CHARLOTTE, NC (FOX 46) - Mecklenburg County Commissioners voted in favor of building a Major League Soccer stadium in the Queen City with a 5 to 3 vote where one commissioner was absent.
The vote took place between county commissioners Thursday morning. The meeting Mayor Roberts called for on Friday for the public to comment on the proposal has since been canceled by the City of Charlotte.
RELATED: City council cancels public meeting to discuss MLS proposal
It was a packed public hearing Tuesday afternoon over the possibility of a future major league soccer team. Tens of millions of taxpayer dollars is on the line as the Mecklenburg County commissioners face a one week deadline to submit a bid.
Many told FOX 46 Charlotte they see the benefits of a new pro franchise, while others feel now just isn’t the right time.
The push to the ‘MLS to Charlotte’ reached the public Tuesday afternoon inside a packed county chamber hall.
“Now is the right time for MLS and Charlotte,” a local resident said.
Pros for the franchise include growing the community and bringing in dollars to the city.
“We see Charlotte as a soccer hub, and soccer is important for quality life in our community as well as a talent recruitment tool,” an attendee said.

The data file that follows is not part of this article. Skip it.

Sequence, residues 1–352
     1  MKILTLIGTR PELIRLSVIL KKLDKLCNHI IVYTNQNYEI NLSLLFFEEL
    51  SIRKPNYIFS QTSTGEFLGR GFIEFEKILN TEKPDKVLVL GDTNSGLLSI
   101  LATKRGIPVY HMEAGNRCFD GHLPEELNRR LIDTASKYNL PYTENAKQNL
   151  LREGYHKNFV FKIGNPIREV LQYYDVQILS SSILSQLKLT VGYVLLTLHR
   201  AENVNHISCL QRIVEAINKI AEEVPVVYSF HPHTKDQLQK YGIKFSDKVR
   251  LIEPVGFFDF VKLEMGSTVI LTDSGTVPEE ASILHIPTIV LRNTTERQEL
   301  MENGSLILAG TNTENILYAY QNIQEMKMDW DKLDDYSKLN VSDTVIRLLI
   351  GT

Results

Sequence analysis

“In addition to economic impact for Charlotte; the addition to another major league sport gives Charlotte added national exposures via televised games exposure, generates millions of media impressions and showcases our city,” another said.
While many don’t disagree with the positives, some like County Commissioner Jim Puckett don’t like the timeline and that tax payers would have to foot the bill – a whopping $87.5 million.
“We’re doing this in a 23 day period and it allows a billionaire to jump in front of the line for public funding over regional rec centers and schools, and other needs that we have,” Puckett explained.
While others fear the city will compromise on the historic context of the stadium, Independence Park, and cause added congestion.
“While having a new stadium is tempting on paper, in reality this project would constrict its own potential impact. The infrastructure does not exist, parking options are few, and the area is heavily developing in ways putting a new stadium in Elizabeth is like putting a peg square into a round hole.”